Autobiographical Elements in Shakespeare’s Sonnets

Autobiographical Elements in Shakespeare’s Sonnets – Are Shakespeare’s Sonnets Autobiographical?

Whether the sonnets of William Shakespeare are autobiographical or not is a perplexing question that has raised eternal conflict among readers, critics and commentators in different ages. So, are the sonnets of Shakespeare autobiographical? It is a matter of great discussion. Let’s explore the autobiographical elements in Shakespeare’s Sonnets. 

Whether the sonnets of William Shakespeare are autobiographical or not is a perplexing question that has raised eternal conflict among readers, critics and commentators in different ages. The sonnet as a specimen of subjective poetry is necessarily personal. But howfar can the Shakespearean sonnets be called personal in the true sense of the term?

Analysis of Autobiographical Elements in Shakespeare’s Sonnets 

Are the sonnets of Shakespeare autobiographical? There are different ways of interpreting the sonnets of Shakespeare. Some have regarded the sonnets autobiographical, and to that end they have ransacked contemporary history to identify Mr. W.H, the Dark Lady and the Rival Poet. 

Sonnet is a kind of lyric, and lyric is self-expression. And Shakespeare must have unlocked his heart in his sonnets. Some have regarded the sonnets of Shakespeare as allegorical. Some consider the sonnets to be impersonal and merely conventional literary exercises – a species of Vers de Societe. Each sonnet is a dramatic monologue. Other charactetistics of a drama can also be discerned in the sonnets. The conflict between love and friendship that we have noticed in The Two Gentleman of Verona is more bitter and agonizing in the sonnets. Shakespeare and his lady-love has also a ring of sincerity that reminds us of the great tragedies.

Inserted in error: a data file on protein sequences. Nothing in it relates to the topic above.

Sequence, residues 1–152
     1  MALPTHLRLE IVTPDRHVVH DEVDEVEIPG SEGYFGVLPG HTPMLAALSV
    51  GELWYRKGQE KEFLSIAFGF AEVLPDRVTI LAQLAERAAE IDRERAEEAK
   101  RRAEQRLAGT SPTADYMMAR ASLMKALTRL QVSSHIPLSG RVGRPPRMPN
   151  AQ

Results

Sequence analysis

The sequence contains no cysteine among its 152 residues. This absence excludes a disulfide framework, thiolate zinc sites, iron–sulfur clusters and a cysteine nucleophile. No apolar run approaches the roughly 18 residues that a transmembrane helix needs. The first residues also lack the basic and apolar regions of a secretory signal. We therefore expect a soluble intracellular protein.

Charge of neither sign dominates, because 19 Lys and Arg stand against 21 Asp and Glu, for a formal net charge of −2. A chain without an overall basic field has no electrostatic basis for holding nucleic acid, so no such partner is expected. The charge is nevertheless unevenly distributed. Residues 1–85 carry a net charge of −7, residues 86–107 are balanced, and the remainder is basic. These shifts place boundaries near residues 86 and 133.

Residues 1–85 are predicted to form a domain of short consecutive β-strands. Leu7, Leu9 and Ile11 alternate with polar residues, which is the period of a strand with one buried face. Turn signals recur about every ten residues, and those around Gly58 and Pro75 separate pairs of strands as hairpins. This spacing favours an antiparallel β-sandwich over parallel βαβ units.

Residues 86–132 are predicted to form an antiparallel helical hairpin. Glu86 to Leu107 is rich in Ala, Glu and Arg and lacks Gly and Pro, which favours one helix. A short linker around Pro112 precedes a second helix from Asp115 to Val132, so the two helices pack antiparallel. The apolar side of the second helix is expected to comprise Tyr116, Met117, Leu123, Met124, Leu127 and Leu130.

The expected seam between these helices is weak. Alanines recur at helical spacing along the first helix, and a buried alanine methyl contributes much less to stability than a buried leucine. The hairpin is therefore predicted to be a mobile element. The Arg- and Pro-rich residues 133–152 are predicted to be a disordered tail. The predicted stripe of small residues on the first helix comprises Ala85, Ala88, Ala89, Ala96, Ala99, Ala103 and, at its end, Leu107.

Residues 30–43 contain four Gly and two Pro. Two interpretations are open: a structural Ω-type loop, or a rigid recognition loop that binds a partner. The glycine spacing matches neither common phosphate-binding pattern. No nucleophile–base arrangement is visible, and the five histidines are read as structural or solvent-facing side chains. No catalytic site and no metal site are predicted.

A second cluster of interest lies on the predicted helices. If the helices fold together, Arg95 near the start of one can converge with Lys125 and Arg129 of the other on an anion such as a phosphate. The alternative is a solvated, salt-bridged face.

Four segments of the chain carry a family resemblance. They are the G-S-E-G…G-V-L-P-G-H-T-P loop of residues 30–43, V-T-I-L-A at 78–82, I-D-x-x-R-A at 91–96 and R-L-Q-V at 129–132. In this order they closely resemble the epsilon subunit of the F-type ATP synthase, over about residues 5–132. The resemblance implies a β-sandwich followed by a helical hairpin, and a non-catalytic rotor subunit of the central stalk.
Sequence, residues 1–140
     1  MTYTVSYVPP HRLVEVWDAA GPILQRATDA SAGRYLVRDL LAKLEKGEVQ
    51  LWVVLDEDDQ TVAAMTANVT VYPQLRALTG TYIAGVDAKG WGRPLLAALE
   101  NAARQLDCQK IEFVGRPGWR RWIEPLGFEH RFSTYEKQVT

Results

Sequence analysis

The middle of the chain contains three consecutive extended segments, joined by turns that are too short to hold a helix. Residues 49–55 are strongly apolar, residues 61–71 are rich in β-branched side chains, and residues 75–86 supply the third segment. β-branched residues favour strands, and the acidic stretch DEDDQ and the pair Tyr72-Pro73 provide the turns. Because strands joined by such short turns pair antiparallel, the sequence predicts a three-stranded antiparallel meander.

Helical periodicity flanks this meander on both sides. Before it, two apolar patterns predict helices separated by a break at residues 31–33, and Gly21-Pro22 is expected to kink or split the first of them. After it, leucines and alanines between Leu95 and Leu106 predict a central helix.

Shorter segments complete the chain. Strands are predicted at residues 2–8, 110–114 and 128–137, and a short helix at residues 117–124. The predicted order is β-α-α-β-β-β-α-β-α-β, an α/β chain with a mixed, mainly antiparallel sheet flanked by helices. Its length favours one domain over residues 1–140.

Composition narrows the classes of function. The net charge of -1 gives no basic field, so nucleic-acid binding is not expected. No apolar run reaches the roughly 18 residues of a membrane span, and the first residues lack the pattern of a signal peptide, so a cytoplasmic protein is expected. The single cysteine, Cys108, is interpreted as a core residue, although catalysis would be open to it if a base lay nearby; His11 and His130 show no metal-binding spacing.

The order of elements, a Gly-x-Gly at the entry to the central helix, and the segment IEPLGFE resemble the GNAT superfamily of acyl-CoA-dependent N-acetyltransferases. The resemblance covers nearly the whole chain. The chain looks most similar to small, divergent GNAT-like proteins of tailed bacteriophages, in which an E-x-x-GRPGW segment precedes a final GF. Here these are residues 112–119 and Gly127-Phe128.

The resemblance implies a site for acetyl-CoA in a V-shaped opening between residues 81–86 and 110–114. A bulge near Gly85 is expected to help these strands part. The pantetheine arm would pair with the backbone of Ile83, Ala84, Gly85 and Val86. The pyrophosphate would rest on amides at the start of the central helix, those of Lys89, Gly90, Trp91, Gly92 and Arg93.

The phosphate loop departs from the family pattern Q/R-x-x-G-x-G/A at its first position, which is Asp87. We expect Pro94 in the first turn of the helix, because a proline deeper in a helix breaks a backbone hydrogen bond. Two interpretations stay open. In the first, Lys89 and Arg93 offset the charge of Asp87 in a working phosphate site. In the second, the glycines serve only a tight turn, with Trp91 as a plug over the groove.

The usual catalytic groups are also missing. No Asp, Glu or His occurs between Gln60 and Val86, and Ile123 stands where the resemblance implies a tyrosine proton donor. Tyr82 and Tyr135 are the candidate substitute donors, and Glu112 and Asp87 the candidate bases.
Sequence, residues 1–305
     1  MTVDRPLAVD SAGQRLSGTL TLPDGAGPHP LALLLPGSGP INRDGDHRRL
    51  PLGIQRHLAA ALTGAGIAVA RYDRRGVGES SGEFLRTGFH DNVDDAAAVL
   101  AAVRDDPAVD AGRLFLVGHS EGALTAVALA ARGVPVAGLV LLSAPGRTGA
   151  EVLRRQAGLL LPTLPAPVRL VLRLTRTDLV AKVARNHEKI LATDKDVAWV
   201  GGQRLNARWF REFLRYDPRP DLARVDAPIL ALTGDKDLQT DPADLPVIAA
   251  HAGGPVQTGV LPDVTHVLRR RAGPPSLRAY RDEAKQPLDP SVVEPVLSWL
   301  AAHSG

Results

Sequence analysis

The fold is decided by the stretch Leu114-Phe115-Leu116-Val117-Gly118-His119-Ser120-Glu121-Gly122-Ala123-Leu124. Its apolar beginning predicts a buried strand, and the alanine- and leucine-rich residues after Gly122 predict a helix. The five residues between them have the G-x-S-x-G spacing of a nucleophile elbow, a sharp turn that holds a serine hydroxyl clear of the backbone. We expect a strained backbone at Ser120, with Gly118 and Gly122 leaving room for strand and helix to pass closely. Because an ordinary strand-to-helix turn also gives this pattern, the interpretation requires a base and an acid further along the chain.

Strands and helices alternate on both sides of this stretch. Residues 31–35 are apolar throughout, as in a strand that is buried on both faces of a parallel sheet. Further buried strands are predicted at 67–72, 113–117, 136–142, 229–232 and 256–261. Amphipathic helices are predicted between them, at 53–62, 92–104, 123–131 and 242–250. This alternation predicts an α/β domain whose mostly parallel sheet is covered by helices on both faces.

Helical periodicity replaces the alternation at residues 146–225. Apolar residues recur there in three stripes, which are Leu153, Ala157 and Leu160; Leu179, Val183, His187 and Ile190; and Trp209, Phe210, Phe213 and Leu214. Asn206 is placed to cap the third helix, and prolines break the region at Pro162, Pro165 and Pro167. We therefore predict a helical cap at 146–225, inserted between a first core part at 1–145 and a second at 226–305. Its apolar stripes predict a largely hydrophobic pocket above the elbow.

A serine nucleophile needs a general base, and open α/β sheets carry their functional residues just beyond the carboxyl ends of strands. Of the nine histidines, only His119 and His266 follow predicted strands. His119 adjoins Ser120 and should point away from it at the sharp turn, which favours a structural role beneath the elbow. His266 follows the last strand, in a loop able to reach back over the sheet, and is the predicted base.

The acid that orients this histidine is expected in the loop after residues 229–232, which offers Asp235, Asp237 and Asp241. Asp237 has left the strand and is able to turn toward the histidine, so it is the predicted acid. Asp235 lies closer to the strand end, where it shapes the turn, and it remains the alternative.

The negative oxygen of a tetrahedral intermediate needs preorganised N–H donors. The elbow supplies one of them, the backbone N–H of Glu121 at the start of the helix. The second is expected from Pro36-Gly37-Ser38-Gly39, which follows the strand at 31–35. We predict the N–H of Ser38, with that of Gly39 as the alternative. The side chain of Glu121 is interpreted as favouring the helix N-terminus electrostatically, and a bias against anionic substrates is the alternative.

The autobiographical element in the sonnets was first emphasised in the Romantic period. The Romantic critics recognised the importance of the sonnet much more than their predecessors. They had a finer poetic sensibility. They, therefore, could better appreciate the poetry of sonnets and they appreciated the sonnets as the vehicle of self-expression. The sonnets and lyrics, they believed, were self-portrayals.

The Romantics were throughly convinced that Shakespeare in his sonnets opened his heart and revealed his personality, and they are a sentimental autobiography of the poet. Heine considered the sonnets to be the “authentic records of the circumstances of Shakespeare’s life”.

Of Shakespeare’s sonnets, the great romantic poet Wordsworth has said, 

“With this key/ Shakespeare unlocked his heart.” 

Wordsworth asserts that Shakespeare’s sonnets reveal much of the heart their creator. But against this assertion the famous Victorian poet Robert Browning has remarked,